The Weekly Wire: For Your Situational Awareness 8.25.17
On August 16, a Russian Proton M rocket launched the Blagovest 1 (11L) communications satellite to geostationary transfer orbit. The satellite will cover Russian territory and provide high-speed internet, television, radio broadcast, and video conferencing services for Russian civilian and military users. Roscosmos is currently scheduled to launch seven Proton M rockets through 2020. The chart displays the spacecraft Roscosmos has attempted to launch from 2010 through present day, by mission area.
On August 14, the Indian Air Force’s (IAF) mid-life upgrade of the SEPECAT Jaguar fighter aircraft reached a milestone with the flight of the two-seat, maritime strike variant. The IAF first initiated an upgrade of 59 of its aging fleet of 123 Jaguars to DARIN III (Display Attack Ranging Inertial Navigation) standards in 2008, but the program has been behind schedule due to disagreements in 2012 between the IAF and Hindustan Aeronautics Ltd.’s (HAL) over the avionics package. This has caused the delivery schedule to be pushed back from 2012 to 2017. Avascent Analytics anticipates further delays through at least 2020 for the completion of the program given the complexity of the upgrades. The IAF purchased 165 SEPECAT Jaguar fighter aircraft in 1979 with 35 units acquired off the shelf and the remainder license-produced by HAL.
On August 16, the Swedish government agreed to increase the defense budget by $841 million from 2018 to 2020. According to Minister of Defense Peter Hultqvist, the $841 million will go towards procurement and O&M, while also boosting troop numbers and providing training for troops. This follows a previous announcement in March that the Swedish Armed Forces would receive additional funding in the amount of $61.5 million for this year. In early 2017, Sweden’s Supreme Commander of the Armed Forces stated that the military would need at least $800 million during the 2018-2020 period to meet demands laid out in 2016-2020 Swedish Defense Policy. Sweden currently spends $5.5 billion on defense for 2017, and has outlined what the defense budget will look like up to 2020 under the 2016-2020 defense policy. Prior to the additional funding of $841 million, Sweden planned to spend $5.3 billion in 2018, $5.5 billion in 2019, and $5.6 billion in 2020.
On August 17, the Mexican Navy held a keel-laying ceremony for its first SIGMA 10514 corvette, which it ordered earlier in 2017. This variant of the SIGMA is designed for long range patrol missions, carrying lighter armament than the SIGMA 10514 that was built for the Indonesian Navy. The SIGMA 10514 joins the Polaris II-class, Tenochtitlan-class, and Oaxaca-class patrol vessels, which have all had units delivered to the Mexican Navy recently. Over the past three years, Mexico has spent over $440 million acquiring the three classes of vessels. With the addition of the SIGMA 10514, the Mexican Navy is expected to spend another $70 million in 2018 to continue modernizing its fleet of patrol vessels.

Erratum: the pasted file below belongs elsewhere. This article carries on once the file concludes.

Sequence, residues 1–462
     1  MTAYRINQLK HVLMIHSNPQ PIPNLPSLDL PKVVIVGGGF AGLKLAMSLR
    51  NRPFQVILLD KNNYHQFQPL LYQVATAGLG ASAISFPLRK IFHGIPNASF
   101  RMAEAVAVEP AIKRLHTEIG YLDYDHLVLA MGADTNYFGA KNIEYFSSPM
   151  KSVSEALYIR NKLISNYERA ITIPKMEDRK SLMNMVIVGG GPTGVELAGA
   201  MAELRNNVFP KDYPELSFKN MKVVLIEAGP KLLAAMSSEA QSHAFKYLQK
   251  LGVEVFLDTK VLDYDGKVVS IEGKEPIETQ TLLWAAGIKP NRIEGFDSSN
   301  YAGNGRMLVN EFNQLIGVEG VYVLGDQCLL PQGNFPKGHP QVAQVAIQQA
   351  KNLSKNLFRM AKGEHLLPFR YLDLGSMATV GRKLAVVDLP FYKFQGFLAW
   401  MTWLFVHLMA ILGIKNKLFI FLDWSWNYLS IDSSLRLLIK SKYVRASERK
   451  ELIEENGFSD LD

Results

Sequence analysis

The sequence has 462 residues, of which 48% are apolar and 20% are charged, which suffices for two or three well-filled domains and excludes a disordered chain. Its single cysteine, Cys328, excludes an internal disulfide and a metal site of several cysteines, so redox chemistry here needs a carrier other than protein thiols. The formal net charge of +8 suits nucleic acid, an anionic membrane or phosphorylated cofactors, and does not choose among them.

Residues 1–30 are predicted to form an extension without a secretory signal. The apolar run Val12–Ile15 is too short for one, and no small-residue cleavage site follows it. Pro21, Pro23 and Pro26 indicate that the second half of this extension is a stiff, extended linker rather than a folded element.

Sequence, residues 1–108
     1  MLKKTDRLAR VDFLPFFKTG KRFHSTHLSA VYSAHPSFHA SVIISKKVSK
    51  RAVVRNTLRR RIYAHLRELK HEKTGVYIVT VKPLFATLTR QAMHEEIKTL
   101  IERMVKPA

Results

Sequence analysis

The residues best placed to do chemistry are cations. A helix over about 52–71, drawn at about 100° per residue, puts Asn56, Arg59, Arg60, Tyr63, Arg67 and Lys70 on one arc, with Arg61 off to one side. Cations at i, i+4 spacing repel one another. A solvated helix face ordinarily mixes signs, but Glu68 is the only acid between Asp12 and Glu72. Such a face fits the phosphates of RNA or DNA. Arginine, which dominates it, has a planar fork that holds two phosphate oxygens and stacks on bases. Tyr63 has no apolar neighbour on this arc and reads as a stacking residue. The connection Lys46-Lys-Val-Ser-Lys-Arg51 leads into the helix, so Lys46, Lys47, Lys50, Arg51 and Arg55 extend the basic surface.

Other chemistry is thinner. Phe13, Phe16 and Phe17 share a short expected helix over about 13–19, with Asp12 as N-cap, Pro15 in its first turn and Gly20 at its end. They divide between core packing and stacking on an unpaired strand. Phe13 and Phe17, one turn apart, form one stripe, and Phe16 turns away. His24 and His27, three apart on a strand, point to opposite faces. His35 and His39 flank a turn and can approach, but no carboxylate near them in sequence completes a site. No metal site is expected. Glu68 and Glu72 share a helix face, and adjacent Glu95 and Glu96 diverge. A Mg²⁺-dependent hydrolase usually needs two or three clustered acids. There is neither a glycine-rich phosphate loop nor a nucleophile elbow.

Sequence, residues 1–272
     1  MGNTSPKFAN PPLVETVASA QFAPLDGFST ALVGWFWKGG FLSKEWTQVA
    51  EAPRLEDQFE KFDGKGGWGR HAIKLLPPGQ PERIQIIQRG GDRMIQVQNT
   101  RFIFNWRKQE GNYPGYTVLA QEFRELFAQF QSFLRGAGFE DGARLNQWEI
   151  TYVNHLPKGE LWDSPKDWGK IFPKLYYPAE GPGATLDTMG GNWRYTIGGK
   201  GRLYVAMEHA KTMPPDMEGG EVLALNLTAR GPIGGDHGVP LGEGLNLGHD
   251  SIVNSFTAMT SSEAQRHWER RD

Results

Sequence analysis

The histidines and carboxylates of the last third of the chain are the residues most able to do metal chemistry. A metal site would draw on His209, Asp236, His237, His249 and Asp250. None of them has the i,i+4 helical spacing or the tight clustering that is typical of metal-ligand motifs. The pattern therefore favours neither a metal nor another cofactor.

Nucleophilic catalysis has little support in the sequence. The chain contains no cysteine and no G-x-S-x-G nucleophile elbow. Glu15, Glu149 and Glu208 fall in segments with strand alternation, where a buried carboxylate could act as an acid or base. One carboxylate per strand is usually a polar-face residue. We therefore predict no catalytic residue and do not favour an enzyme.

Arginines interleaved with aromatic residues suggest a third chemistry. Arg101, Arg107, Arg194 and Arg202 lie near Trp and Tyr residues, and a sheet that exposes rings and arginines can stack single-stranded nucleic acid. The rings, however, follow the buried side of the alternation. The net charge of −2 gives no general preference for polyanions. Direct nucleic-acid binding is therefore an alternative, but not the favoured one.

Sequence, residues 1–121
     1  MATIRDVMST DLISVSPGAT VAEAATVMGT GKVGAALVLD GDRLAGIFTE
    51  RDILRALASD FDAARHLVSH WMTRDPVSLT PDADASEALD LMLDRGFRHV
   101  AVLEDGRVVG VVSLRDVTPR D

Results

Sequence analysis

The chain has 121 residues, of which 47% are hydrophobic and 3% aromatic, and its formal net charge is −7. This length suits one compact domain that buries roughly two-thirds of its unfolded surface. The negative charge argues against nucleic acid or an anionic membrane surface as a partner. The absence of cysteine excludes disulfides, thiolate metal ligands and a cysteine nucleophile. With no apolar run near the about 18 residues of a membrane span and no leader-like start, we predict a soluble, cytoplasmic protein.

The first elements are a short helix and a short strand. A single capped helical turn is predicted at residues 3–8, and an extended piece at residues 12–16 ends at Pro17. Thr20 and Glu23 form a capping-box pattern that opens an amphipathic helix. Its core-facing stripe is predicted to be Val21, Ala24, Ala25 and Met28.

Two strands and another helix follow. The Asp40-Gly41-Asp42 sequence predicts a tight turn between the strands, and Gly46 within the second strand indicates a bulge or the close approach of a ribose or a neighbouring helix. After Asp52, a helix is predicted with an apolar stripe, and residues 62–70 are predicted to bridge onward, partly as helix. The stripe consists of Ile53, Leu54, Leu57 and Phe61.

After months of delay, the Italian Ministry of Defense revealed a new defense budget on August 13, with spending set to decline slightly from $15.71 billion to $15.54 billion. This comes as Rome struggles with pressure by the United States to increase its defense spending to align with NATO guidelines, a fact that Prime Minister Gentiloni says “will be a gradual process” as “Italy has certain limitations when it comes to budget.” The budget this year features $11.53 billion for personnel, $1.49 billion for operations and maintenance, and $2.52 billion for procurement, while the Ministry for Economic Development will add an additional $3 billion in procurement to support the Italian Defense industry. As over half of Italian procurement spending is dedicated to supporting the defense industrial base, the Ministry of Defense’s share of procurement will fall to $2.52 billion this year and will dip to $2.49 billion in 2018 before rising to $2.54 billion in 2019. According to the budget’s authors, this decline in spending has the potential to impact the delivery timelines for NH90 helicopters, FREMM frigates, VBM infantry fighting vehicles, and Eurofighters.
On August 18, Taiwan debuted a new indigenously delivered active electronically scanned array (AESA) radar system. The new AESA radar has a number of features, including a synthetic aperture radar (SAR), counter electronic counter-measures (C-ECM) capabilities, and multi-target tracking. The new radar system will be installed in the Advanced Jet Trainer and is expected to also be installed on the future Advanced Indigenous Defence Fighter as well. The former platform is being used to replace Taiwan’s AT-3 and F-5 trainers, while the latter will replace their Mirage 2000 fighters.